Is a Hard Money Loan an Option When Experiencing Foreclosure?

Written by J. Hirby and Fact Checked by The Law Dictionary Staff  

Hard money loans are used by individuals who need quick financial solutions and either cannot wait for or do not qualify for conventional banking approvals. These types of loans are specific in nature, being backed by collateral in a piece of property that can be quickly sold at a profit for both the borrower and the lender. Real estate investors are the primary borrowers of hard money loans. The funds allow the investor to purchase a property at a low price, do any repairs or renovations and then resell the property within a short period of time.

Another large segment of hard money loans are used by individuals with financial problems who may be facing foreclosure or are already in foreclosure. These borrowers want to stop the proceedings in order to sell the properties to clear up their problems or keep the properties while trying to get mortgage refinancing at monthly payment rates that can be maintained. As with commercial real estate, hard money loans for individuals are based on the resale value of the home and are short term in nature, being made for a few months up to a couple of years.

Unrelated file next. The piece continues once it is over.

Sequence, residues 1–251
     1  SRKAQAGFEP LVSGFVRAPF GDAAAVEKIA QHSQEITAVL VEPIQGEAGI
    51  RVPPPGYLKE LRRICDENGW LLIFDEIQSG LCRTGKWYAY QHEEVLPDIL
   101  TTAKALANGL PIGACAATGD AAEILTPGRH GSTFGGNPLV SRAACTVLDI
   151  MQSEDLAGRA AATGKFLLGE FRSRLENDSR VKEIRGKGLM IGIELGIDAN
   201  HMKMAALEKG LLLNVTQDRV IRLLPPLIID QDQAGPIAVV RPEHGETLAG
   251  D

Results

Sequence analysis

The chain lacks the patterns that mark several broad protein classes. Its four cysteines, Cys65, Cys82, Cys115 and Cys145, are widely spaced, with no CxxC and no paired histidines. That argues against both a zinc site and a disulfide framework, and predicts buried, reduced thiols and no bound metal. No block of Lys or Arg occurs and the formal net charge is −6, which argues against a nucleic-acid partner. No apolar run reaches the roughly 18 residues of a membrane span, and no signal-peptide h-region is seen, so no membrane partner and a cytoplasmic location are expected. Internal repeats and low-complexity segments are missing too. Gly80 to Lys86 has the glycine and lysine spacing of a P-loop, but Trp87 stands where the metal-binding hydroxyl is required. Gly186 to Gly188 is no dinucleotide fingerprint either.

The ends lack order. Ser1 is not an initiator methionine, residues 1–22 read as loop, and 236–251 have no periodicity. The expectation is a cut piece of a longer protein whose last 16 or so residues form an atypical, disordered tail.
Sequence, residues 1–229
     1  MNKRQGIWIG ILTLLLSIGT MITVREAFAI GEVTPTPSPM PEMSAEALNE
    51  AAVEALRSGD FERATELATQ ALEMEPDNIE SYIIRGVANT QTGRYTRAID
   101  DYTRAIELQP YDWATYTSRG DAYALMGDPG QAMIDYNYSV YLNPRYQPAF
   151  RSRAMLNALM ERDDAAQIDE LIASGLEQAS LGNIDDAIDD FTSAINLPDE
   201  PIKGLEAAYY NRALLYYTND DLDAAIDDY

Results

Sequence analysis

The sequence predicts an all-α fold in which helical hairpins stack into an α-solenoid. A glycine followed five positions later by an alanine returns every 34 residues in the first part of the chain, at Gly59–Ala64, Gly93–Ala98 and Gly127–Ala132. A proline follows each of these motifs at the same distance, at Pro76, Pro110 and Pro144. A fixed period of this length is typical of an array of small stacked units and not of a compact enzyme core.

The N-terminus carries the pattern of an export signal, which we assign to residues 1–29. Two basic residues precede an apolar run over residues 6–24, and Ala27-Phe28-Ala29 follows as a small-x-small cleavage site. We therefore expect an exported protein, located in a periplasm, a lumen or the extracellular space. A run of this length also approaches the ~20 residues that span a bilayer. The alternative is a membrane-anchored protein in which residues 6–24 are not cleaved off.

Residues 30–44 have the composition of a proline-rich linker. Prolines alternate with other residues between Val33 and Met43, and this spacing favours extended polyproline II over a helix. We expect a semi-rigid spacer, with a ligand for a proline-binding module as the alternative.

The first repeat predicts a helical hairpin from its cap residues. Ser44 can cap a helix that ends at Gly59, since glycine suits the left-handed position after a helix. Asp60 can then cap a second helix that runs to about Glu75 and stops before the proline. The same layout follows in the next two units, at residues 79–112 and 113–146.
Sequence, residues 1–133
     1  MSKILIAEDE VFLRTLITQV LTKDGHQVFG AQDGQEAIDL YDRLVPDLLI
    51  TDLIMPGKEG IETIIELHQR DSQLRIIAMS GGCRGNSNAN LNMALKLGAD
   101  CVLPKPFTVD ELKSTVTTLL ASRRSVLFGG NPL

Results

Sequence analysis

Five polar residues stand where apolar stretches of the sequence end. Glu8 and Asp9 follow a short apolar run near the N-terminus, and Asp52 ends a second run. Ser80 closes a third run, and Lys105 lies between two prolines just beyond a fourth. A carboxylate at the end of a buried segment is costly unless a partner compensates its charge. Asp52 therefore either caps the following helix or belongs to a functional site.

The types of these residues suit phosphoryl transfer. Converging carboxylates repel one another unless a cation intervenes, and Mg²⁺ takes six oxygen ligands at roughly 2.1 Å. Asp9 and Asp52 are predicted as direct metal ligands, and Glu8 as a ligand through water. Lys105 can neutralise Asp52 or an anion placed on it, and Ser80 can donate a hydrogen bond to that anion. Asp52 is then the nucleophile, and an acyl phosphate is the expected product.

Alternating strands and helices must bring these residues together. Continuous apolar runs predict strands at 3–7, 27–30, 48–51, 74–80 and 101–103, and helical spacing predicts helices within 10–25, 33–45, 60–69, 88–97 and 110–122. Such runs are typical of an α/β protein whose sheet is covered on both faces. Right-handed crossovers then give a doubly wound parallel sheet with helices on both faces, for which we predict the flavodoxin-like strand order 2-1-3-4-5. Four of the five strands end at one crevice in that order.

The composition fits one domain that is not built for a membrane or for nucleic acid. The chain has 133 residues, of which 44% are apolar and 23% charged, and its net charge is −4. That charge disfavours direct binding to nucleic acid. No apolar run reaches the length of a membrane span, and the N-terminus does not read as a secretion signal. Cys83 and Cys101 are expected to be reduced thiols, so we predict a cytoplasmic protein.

<strong>HARD MONEY LOAN BASICS</strong>
Hard money lenders will estimate the resale value of the property, the current real estate market where the property is located, and the potential for a quick sale. The lending rate on a property is between 50 to 70 percent of the market value and a loan is used to pay off the current mortgage so the hard money loan becomes the first mortgage. If the borrower does not pay as agreed, the lender can foreclose and sell the property to recover the amount of the loan. Lenders charge a high rate of interest and more points than banks. Hard money loans help borrowers survive a short rough period that will end in positive results for both the lender and the borrower.

<strong>FORECLOSURE LOAN ASSISTANCE</strong>
Home owners facing foreclosures who want to save their homes or sell them and currently have 30 percent or more equity in their homes, might consider hard money loans. A hard money loan must pay off the current mortgage holder and make the hard money lender the first mortgage. The loan will be expensive for a short period of time, but it allows the home owner the option of selling the home or getting new financing with a lower interest rate for a longer period of time.

More On This Topic



Comments are closed.